The Transcontinental Air Race of 1919 began began 100 years ago today, on October 8, 1919. It was the longest airplane race ever attempted (up to that point) and was followed closely by the public via the newspapers.
It even ended up having an influence on baby names: the boy name that saw the steepest rise in usage in 1919, Belvin, was the name of the winning pilot.
- 1921 – 13 baby boys named Belvin
- 1920 – 10 baby boys named Belvin
- 5 in N.C. specifically
- 1919 – 23 baby boys named Belvin [peak]
- 6 in N.C. specifically
- 1918 – 5 baby boys named Belvin
- 1917 – 5 baby boys named Belvin
Belvin Womble Maynard was born in North Carolina in 1892. He’d gone to school to become a Baptist minister in the early 1910s, but ended up discovering an aptitude for piloting airplanes while stationed in France during WWI.
Not long after returning to the U.S. in the summer of 1919, Maynard entered and won an air race from Long Island, New York, to Toronto, Canada.
Following that success, the “flying parson” (as he’d been dubbed by the press) entered an even more ambitious air race: the Army Air Service’s “Transcontinental Reliability and Endurance Test.” It required that entrants cross the nation not once, but twice.
Sixty-three planes entered. Most of them (48) started in New York and headed west, while the rest (15) started in San Francisco and headed east.
Maynard, his mechanic, and his dog (Trixie) took off from New York at the start of the contest. They were the first to reach California, on October 11.
They stayed until the 15th, then headed back toward the East Coast. On the return trip their engine failed, which could have cost them the race…but they cleverly replaced it with the engine of a wrecked plane nearby (that had been participating in the very same race). They made it back to New York on October 18 and were declared the winners.
(As for the other entrants, only about half of them completed the race. In total there were 54 accidents and seven deaths.)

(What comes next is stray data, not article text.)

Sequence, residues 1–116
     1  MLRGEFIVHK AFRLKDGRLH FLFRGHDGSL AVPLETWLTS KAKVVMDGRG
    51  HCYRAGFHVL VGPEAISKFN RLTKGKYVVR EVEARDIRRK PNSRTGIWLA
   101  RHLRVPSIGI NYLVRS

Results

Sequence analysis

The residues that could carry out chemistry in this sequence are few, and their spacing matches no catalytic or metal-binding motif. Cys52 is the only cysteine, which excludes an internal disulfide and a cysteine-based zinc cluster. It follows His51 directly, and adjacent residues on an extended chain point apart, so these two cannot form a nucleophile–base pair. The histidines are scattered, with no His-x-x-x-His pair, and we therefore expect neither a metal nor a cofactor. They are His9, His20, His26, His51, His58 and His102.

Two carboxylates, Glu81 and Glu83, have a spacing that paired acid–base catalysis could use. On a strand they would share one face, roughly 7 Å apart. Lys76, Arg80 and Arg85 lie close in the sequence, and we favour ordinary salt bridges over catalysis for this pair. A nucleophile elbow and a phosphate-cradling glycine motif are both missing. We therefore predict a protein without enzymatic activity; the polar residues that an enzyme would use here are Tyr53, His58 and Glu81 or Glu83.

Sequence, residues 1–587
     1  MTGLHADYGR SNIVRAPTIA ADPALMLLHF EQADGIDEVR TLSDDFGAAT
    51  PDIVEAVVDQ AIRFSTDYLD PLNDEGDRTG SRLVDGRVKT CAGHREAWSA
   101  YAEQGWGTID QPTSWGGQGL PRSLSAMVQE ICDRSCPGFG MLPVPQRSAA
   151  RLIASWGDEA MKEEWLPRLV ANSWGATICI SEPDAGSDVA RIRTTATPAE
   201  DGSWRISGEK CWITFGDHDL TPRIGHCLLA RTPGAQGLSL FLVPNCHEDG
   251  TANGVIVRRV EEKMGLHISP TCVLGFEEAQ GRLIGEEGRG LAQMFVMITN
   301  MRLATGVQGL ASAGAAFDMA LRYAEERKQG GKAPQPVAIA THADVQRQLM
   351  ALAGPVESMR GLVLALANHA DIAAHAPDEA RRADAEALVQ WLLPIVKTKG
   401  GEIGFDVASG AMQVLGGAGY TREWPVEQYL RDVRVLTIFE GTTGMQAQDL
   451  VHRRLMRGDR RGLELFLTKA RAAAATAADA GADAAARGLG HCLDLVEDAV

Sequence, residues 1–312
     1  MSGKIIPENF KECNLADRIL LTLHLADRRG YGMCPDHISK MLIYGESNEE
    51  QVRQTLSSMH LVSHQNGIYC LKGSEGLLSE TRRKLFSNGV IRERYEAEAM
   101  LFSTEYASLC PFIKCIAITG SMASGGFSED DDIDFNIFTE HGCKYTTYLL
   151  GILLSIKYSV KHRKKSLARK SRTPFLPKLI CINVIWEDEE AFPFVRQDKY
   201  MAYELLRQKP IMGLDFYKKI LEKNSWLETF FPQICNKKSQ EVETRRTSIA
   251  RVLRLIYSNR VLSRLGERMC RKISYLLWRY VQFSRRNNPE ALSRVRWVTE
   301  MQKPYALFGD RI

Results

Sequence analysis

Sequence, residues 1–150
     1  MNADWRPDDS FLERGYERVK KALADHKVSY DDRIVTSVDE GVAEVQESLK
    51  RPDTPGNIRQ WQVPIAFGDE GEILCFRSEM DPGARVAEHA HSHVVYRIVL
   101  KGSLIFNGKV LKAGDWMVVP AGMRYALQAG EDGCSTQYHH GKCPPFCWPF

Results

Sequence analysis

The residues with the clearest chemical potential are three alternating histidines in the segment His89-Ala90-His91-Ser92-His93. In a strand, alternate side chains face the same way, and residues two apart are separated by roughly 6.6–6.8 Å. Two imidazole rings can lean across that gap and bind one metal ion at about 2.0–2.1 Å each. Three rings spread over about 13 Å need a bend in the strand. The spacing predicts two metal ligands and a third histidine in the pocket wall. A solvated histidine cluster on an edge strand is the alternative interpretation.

For a time, Belvin Maynard was a national hero. The first commercial airfield in North Carolina, which opened in December of 1919, was named “Maynard Field” in his honor.
But sadly, in mid-1922, several weeks before his 30th birthday, Belvin was killed when his plane crashed during an air show in Vermont.
What are your thoughts on the baby name Belvin?
Sources: Belvin W. Maynard – Early Aviators, Billy Mitchell and the Great Transcontinental Air Race of 1919, Belvin Maynard – NCpedia, International Aerial Derby 1919 – General Aviation News, Transcontinental Reliability and Endurance Test – National Museum of the U.S. Air Force, The Great Transcontinental Air Race – HistoryNet
Images: from the Morning Oregonian (11 Oct. 1919, page 5) and St. Nicholas magazine (Dec.1919, page 173)
[More aviator-inspired baby names: Vilas, Maitland, Lindbergh]
6 thoughts on “What gave the baby name Belvin a boost in 1919?”
Belvin is better than Womble–but not much.
That was my first thought as well!
Oddly, Womble is not the oddest/worst middle name I discovered today. I was reading about Dr Hicks, who had an illegal adoption racket in GA in the 50s & 60s — his middle name was Jugarthy.
Oh that’s a mouthful. I wonder where it came from.
I wondered that as well but didn’t find much. The Dr was a Jr, and gave his son the same name, but beyond that I found nothing.